Everybody's still talking about Gin!
Over the last 10 years the resurgence of gin has been huge and boutique distillers continue to pop up everywhere. With our Mad Millie Gin Kit being inspired by this growth, we thought it would be interesting to understand where this trend has come from.
Beverage trends come and go as people discover the next new and wonderful tipple to wash away the work week. Over the last 10 years the resurgence of gin has been huge and boutique distillers continue to pop up everywhere. With our Mad Millie Gin Kit being inspired by this growth, we thought it would be interesting to understand where this trend has come from.
Gin is typically thought of as a very English drink however its initial origins lie in the Netherlands and the production of Jenever. Once it was transported to the UK it morphed into the traditional juniper infused spirit we know and love. Thinking back to older generations, gin was splashed into the glass and loaded up with ice, tonic, a squeeze of lemon and maybe a slice of cucumber (if you were really fancy). It was my grandmothers staple evening beverage, the blue bottle of Bombay Sapphire adorning the mantelpiece.
So why did gin drop off everybody’s radar?
Because it was exactly that, a staple for my grandmother. It wasn’t seen as fun, trendy or innovative. You wouldn’t say no to a classic G&T but if there were other options it would fall by the wayside. From the 1950’s gin consumption declined and the new kid on the block, vodka, took its place.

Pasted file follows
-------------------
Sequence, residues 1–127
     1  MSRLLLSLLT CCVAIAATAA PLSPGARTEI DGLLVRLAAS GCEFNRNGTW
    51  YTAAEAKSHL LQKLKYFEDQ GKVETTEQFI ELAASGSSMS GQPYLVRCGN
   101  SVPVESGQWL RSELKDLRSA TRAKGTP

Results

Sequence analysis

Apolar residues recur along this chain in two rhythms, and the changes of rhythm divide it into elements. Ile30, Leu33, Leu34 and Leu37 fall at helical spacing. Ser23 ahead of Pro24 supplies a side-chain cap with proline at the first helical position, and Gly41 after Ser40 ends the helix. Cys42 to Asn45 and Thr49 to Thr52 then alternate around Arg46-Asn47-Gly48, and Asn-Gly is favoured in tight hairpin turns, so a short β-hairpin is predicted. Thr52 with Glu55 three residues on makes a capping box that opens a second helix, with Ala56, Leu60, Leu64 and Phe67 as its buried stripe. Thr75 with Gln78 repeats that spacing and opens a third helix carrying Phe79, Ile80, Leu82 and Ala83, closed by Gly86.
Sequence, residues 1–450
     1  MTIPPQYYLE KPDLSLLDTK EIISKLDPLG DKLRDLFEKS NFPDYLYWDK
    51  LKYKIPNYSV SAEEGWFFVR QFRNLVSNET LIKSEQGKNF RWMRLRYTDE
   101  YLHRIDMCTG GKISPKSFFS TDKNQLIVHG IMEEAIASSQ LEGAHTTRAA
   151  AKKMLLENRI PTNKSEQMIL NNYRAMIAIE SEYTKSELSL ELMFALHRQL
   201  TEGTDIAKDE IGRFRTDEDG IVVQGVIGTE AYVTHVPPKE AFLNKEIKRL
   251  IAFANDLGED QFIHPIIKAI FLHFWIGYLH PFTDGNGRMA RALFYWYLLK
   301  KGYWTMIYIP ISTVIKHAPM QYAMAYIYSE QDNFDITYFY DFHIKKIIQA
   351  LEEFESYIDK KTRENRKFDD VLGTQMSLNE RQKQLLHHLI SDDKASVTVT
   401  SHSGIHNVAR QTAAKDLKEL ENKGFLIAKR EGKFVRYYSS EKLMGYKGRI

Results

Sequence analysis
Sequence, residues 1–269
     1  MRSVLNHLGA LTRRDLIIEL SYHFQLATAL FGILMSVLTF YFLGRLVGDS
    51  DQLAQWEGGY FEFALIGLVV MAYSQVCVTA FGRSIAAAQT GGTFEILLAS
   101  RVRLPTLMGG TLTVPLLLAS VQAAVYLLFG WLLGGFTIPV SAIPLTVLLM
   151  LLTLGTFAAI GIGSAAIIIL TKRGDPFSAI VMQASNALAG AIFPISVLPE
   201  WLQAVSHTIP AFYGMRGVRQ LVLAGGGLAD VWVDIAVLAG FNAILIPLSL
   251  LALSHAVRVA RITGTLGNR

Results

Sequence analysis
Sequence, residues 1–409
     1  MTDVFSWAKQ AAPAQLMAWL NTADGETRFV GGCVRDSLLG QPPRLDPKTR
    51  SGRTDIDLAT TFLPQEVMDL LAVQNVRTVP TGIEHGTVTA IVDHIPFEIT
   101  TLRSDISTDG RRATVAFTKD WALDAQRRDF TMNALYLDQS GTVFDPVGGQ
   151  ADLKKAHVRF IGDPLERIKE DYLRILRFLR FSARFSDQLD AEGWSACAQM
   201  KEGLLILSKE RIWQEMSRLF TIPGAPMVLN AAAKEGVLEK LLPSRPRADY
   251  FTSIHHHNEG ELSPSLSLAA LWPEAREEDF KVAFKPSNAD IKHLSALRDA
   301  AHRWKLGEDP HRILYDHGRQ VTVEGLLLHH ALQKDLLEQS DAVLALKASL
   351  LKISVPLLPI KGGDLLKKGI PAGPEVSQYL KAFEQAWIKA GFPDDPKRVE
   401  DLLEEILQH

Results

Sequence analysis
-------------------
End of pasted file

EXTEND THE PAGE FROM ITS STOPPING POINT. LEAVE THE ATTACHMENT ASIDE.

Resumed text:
To further curb innovation, across the US, UK and Australia, legislation stated that if you planned to produce less than 300 litres of alcohol at a time then you were technically producing moonshine, which was illegal. Potential small-scale producers were put off at having to start with such large-scale distilling equipment and so gin continued to stagnate.
That is until Sipsmith came along.
They could see the potential in gin and after a historic two year legal battle the legislation was changed in 2009 and distilleries were given the legal right to produce and sell gin in small amounts. This was a new beginning for gin, boutique distilleries began to pop up introducing unique infusions and flavour combinations. Since the law change in 2009 the number of gin distilleries in London has increased from one to 24, in just 10 years.
Distillers are becoming more experimental with their infusions and pushing the limits in terms of flavour combinations. The process of distilling gin is relatively simple compared to an aged whisky which gives flexibility to the distillers. With experimentation consumers are also discovering that a well infused gin doesn’t need its flavour hidden by traditional tonic, suddenly the cocktail options are endless!
Why not take inspiration from some of the incredible gin innovation that is going on out there?
The Mad Millie Handcrafted Gin Kit lends itself perfectly to getting a little creative. If you’re unsure on a flavour combination, we recommend infusing a small amount of vodka first to test the flavours. Try 200mL (6.8 fl oz) at a time and then you can easily up-scale the successful innovations to show off to family and friends.